Wednesday, 26 November 2014

'Invisibility' by Andrea Cremer and David Levithan

*This review will contain spoilers!*

I have been so excited about reading this book for such a long time - I haven't read an Andrea Cremer novel, but I own them all and they sound absolutely amazing, while David Levithan is one of my favourite authors just based off of the back of the couple of stories I've read. But now I'm sat here and I am just overwhelmed with the disappointment that I'm feeling.
'Invisibility' tells the story of Stephen, a boy who is invisible, and Elizabeth, the only person in the world who has ever been able to see him. We start off the novel on the day that Elizabeth and her family - comprised of a workaholic mother and Laurie, her gay little brother - first move into their apartment complex, and we continue on from there. Based off of previous David Levithan novels I've read, I was expecting it to focus more on the relationship and the romance side of the novel, but oh no, from here it went downhill very fast. Don't get me wrong, I was expecting there to be quite a lot of fantasy throughout (I mean jeez, the guy is invisible!) but the entire plot seemed to get quite convoluted quite quickly.
Let me start off by saying the first hundred to one hundred and fifty pages were quite good. Yes, the relationship between Stephen and Elizabeth progressed rather quickly, verging on insta-love, but that was slightly understandable from his point of view because she was the first person in the entire world who had ever given him any attention. He clarifies that she's not the only girl he's ever loved, but come on, if she's the first girl who has ever given him attention I think he'd find it pretty easy to fall in love with her. Elizabeth's response to the entire relationship situation really annoyed me; one minute she'd be stating that she couldn't trust anybody and that she liked to keep her distance from people, the next minute she was claiming to be in love with a boy she'd known for less than a week, but other than that I was enjoying their characters and I was enjoying Stephen's struggle with being invisible. The section when he discusses their lack of intimacy, questioning 'I know we would be careful [...] but if something went wrong would the curse be passed on?' gives us more of a scope on the true spectrum of problems you encounter when you're invisible, but in a book that otherwise seems to be rather open (disclosing what happens to Stephen's clothes and during his digestive process) this just seemed like an easy out from the explanation of what would happen if they did actually have sex. Despite all of the irritation I felt because of the insta-love, the reveal of his condition was well written and was definitely the moment that Laurie took centre stage as the best character for me, but it was from there that it all started going wrong.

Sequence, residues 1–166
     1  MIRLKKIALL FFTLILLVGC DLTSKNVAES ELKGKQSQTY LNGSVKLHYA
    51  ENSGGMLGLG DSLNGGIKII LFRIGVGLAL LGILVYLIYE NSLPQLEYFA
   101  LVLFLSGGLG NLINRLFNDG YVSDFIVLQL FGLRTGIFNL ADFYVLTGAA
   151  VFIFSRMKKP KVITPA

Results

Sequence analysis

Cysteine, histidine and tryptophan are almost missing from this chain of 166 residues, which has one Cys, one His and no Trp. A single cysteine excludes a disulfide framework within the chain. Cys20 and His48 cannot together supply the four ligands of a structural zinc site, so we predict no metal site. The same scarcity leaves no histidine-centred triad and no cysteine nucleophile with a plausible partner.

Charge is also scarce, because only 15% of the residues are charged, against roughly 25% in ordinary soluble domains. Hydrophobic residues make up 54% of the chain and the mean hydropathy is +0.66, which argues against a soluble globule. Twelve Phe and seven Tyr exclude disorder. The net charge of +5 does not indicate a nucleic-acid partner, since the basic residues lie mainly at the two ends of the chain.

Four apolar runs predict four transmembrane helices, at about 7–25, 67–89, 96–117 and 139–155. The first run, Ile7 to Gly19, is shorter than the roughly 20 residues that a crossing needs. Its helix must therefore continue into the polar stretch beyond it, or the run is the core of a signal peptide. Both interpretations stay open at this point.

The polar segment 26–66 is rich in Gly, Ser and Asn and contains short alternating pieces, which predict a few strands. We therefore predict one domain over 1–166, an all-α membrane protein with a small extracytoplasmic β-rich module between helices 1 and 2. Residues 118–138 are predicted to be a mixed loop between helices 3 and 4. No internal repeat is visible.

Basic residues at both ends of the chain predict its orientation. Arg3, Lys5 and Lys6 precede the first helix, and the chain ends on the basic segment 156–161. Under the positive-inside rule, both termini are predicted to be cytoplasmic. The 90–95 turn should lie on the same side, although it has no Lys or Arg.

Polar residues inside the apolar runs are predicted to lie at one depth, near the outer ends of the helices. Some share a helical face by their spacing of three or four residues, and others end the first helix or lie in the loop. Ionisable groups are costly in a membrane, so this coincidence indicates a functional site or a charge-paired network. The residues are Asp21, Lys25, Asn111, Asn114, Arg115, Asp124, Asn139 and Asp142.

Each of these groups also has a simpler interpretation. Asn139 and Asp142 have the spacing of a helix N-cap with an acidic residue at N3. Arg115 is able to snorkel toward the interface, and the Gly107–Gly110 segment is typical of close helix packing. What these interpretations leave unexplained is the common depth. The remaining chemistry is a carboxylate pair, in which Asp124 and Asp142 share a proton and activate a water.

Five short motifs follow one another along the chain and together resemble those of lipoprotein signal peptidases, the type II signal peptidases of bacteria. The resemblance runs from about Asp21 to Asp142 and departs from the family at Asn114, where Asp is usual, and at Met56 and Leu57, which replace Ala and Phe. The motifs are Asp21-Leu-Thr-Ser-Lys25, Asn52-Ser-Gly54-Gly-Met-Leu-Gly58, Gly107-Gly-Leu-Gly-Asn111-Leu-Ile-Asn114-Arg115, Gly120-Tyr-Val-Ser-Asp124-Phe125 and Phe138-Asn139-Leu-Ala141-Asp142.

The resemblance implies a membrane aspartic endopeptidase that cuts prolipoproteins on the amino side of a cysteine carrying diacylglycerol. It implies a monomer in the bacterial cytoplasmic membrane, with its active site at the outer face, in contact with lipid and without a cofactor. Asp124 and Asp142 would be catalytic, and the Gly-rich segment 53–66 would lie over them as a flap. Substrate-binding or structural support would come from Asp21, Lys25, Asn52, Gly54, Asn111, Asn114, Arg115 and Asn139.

The reveal of curses, cursecasters and spellcasters didn't come as that much of a shock, and it was a good way to explain how Stephen became afflicted with his condition, and the back story of his mother and his psychopathic grandfather was very interesting, but then the addition of spellseekers and the sudden reveal that Elizabeth was one, and had been able to see curses for months but just hadn't realised what the hell was going on, seemed a bit ridiculous to me. I ended up liking the relationship between Millie the spellseeker and her shield Saul much more than I liked the relationship between the main characters, so I was rather annoyed that the ending of the novel left that relationship completely impossible due to Saul's death. It was nice to get some of their back story, such as the information about Stephen's grandfather having attacked them in the past, but with them obviously highly affectionate with each other it would have been nice to have found out more about whether they had ever been in a relationship or if they had had partners who had died in the past and that was why they weren't so sure about being a couple.
Overall, the book was quite good, but it felt more like a first part than a standalone.Yes, we got quite a lot of resolution towards the end - the little wrapping up of loose ends telling us that Stephen and his father are working on their relationship and Elizabeth's mother has started spending more time at home were cute little additions - but overall the fact that we start the novel with an invisible boy who can only be seen by one girl and we end the novel with an invisible boy who can only be seen by one girl is extremely anti-climactic. I'm not sure I could sit through another book if Andrea and David did decide to make this a duology, but it would be good to at least have some idea of how the curse could be undone, because where we are leaving it it seems that it is impossible to undo and that is final. Throughout, the novel does deal with a lot of good dilemmas: the back story of Laurie being attacked for being gay is heart-wrenching, while Elizabeth's struggle over whether to tell the truth or protect the ones she loved was something that would emanate within all of us in some shape or form, but overall this just didn't really do a lot for me, which is a shame because I had very high hopes. 

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